4 x 4 X 4 is a great way to get students to engage a text and to get students to talk with each other.  (The number “4” is completely arbitrary here and I have done 3 x 3 x 3 and 5 x 5 x 5 when it suits me.) The description and example below are from a handout I developed when teaching Viktor Frankl’s Man’s Search for Meaning.  When I do this well, I am able to be a relay station as I ask one student to give us one of his quotations and then ask for response from other students. Or I ask for one student to give a question or comment and then redirect to other students for response. I love the flexibility and rigor of both these ways of helping develop better readers.


Dear Scholars,

Below you will find the reading schedule for our next book, Viktor Frankl’s Man’s Search for Meaning.  We will spend five (5) days on the book and each day we will have up to 8 students provide us with a 4 X 4 X 4 each day.  Each student does one (1) 4 X 4 X 4 but you MUST bring TWO COPIES (one for me and one for you to keep).  Each 4 X 4 X 4 is worth 30 points (three quiz grades).

4 X 4 X 4 refers to a student writing 4 Questions and 4 Comments, and identifying 4 Quotations from that night’s reading.  In other words, for Wednesday, up to 8 (2 x 4) students will bring to class 2 copies of the 4 X 4 X 4.  You are NOT allowed to range outside of your assigned page numbers for the 4 X 4 X 4.  A sample 4 X 4 X 4 for pages 21-42 appears on the back of this paper.  Notice that you need not supply all of the quotation (just the first FOUR words and the last FOUR words and the page number[s]).  Quotations should be about something that interests you. Questions can be speculative (What does it mean when Frankl says that “the best of us did not return”?), or informational (Does “Dr. M” refer to Joseph Mengele?), or some combination of the two.  Comments can be about style (“I think that Frankl gives clear examples”), or substance (“The idea that the ‘best of us did not return’ suggests that Frankl himself is not among the best”).  Questions, Comments and Quotations may all refer to the same things.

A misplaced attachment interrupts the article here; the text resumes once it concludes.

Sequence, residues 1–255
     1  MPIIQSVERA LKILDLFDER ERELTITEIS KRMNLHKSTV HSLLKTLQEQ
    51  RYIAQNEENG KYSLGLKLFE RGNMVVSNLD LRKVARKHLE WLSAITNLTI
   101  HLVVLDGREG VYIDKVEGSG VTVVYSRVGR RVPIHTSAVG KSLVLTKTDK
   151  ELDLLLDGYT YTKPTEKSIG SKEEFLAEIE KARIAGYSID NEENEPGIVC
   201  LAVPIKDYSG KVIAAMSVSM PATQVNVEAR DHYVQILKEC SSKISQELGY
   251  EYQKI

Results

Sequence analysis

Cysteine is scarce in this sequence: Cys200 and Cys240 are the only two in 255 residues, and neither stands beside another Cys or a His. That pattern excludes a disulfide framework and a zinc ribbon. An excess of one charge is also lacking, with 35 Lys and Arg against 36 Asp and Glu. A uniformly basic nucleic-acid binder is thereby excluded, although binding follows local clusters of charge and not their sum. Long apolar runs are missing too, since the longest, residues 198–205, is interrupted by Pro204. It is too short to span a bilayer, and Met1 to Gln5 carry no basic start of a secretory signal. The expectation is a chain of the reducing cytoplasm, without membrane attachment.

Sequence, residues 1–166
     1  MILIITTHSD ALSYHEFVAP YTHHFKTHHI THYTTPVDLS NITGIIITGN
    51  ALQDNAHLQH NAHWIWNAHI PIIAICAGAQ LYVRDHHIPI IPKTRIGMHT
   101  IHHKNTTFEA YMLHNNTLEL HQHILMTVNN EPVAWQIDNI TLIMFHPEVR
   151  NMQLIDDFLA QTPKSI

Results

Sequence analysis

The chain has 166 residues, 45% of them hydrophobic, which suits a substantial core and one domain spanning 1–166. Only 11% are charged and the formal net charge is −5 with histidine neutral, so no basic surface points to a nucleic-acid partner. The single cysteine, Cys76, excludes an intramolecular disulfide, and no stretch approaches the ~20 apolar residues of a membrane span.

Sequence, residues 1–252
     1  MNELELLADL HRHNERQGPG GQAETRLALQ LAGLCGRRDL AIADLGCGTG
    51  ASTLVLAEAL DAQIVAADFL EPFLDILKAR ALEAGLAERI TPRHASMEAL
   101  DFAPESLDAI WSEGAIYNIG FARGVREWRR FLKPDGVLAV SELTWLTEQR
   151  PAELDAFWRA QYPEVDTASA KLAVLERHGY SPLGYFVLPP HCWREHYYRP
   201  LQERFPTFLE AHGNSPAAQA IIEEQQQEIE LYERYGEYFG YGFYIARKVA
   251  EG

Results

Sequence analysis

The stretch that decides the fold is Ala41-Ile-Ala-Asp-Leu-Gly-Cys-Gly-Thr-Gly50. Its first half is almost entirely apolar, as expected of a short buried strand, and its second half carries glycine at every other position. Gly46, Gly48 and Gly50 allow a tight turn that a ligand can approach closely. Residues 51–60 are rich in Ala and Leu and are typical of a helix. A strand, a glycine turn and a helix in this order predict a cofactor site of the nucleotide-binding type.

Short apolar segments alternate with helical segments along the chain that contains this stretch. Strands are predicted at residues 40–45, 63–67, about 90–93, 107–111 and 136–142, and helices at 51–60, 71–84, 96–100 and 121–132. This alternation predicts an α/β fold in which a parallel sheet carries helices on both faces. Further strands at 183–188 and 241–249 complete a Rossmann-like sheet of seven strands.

Wed    Feb 1   set up 4 X 4 X 4

Thu      Feb 2   Frankl, Man’s Search for Meaning, pp. 21-42 4 X 4 X 4

Fri        Feb 3   Frankl, Man’s Search for Meaning, pp. 42-64 4 X 4 X 4

Mon     Feb 6   Frankl, Man’s Search for Meaning, pp. 64-84 4 X 4 X 4

Tues     Feb 7   Frankl, Man’s Search for Meaning, pp. 84-101 4 X 4 X 4